The last “series situation” I’ve stumbled upon is hearing about a book that is part of a yet-to-be completed series. I then have to make a decision: Do I start reading the series immediately and then wait with all my questions? Do I wait for all of the books to be released and then read them all? Sometimes I will ignore the dreaded wait and start reading the series right away. This was the case with Insatiable by Meg Cabot. I read the book knowing that only the first book of the series had been released. I was comfortable making this decision because I felt that the plot wasn’t as intricate as some others, and I wouldn’t find myself kept awake at night due to unanswerable questions. For the most case, this is true. While I would enjoy some word on that status of its sequel, I’m not searching the internet for any word about it.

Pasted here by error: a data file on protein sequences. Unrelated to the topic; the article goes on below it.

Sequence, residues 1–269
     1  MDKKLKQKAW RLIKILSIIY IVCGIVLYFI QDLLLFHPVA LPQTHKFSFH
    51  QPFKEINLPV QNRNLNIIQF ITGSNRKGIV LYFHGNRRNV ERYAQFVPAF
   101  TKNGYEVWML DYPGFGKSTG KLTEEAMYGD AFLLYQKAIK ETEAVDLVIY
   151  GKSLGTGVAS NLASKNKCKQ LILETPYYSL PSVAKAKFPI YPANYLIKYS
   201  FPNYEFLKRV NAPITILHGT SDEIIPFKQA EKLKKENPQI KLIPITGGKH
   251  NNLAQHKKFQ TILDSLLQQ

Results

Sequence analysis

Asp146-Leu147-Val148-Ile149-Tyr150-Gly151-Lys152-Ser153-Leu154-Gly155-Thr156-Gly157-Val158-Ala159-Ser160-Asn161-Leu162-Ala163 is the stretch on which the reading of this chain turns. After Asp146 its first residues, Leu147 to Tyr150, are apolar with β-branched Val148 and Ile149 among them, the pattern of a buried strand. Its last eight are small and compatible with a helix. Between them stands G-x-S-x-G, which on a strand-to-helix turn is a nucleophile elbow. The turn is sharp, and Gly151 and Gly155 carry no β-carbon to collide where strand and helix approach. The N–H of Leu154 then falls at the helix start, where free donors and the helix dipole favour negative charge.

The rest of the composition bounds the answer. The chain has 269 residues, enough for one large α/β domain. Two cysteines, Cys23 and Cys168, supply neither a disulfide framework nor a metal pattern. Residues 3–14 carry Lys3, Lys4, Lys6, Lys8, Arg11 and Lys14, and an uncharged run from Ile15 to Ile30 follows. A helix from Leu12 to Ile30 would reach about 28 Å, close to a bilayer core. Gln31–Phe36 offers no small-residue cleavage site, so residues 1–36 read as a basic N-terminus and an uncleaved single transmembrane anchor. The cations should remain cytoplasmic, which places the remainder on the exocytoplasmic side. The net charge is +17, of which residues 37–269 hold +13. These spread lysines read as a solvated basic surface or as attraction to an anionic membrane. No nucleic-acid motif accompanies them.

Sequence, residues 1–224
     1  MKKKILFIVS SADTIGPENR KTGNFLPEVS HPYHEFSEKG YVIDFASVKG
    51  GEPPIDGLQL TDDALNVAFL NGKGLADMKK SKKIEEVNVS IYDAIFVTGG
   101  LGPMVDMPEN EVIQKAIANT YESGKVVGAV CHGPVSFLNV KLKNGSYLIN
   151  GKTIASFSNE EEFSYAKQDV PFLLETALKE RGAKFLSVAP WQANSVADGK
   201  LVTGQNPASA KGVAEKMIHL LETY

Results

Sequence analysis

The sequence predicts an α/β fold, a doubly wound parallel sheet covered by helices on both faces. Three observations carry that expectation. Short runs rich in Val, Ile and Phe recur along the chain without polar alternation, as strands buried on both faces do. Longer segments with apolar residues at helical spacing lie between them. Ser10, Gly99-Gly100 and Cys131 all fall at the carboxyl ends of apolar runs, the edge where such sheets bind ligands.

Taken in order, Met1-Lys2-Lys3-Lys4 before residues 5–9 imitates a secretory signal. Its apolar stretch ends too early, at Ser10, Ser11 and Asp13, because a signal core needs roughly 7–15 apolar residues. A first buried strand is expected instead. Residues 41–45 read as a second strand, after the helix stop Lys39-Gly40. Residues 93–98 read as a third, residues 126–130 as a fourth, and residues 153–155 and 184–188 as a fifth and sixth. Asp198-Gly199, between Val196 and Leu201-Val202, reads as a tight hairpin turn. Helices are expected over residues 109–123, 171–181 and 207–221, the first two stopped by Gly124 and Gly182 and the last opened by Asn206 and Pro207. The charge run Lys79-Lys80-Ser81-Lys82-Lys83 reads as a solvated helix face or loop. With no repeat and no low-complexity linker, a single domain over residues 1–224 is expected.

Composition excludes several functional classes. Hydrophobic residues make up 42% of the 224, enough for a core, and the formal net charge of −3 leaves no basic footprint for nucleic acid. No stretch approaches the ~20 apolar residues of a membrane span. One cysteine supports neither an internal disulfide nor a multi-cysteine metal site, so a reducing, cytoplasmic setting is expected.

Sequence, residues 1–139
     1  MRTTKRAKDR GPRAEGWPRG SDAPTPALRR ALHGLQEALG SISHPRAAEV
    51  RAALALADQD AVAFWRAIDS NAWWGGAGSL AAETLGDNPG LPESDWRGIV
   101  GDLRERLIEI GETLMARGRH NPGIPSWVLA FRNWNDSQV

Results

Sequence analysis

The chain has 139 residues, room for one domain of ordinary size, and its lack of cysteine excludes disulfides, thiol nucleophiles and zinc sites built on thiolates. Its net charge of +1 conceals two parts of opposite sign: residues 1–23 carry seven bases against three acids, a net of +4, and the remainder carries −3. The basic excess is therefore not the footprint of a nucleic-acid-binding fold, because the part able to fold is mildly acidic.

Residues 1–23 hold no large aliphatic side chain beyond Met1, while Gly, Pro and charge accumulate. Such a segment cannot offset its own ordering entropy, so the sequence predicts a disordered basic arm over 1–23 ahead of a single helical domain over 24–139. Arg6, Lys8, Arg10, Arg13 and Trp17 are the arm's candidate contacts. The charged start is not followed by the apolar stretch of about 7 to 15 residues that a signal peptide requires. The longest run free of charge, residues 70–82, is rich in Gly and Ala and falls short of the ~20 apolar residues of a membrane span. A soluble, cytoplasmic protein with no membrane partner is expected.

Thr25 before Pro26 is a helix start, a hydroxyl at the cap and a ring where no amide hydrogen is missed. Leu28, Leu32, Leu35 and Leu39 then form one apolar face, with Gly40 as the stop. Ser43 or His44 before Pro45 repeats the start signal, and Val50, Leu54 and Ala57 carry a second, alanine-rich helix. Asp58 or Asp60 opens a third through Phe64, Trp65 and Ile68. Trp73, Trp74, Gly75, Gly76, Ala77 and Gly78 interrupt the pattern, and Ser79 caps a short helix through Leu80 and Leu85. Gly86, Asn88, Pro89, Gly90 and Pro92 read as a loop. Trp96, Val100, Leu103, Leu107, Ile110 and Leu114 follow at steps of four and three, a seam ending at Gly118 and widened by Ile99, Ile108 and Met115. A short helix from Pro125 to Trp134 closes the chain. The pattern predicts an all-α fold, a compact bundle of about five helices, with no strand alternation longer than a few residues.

As often as I’ve decided to start reading an unfinished series, I’ve also found myself making the consciousness decision to not read a series until just before the release of the final book. Such is the case with Hunger Games Trilogy by Suzanne Collins. I made the decision to wait based on two things. The first of which was the wait. By the time I had heard about this series, the first book had been out for a while and the second was almost released. I knew that it wouldn’t be a long wait until the third and final book was out. The second reason was the suspense factor of the book. Everyone I know who read Hunger Games had many questions after finishing. These questions were not of the “Gee I wonder what happens” variety, but instead “I need to know what happens now!” It seemed these feelings only intensified after the release of Catching Fire. The extreme suspense, and relatively short wait time influenced my decision to wait until all the books had been released to start reading.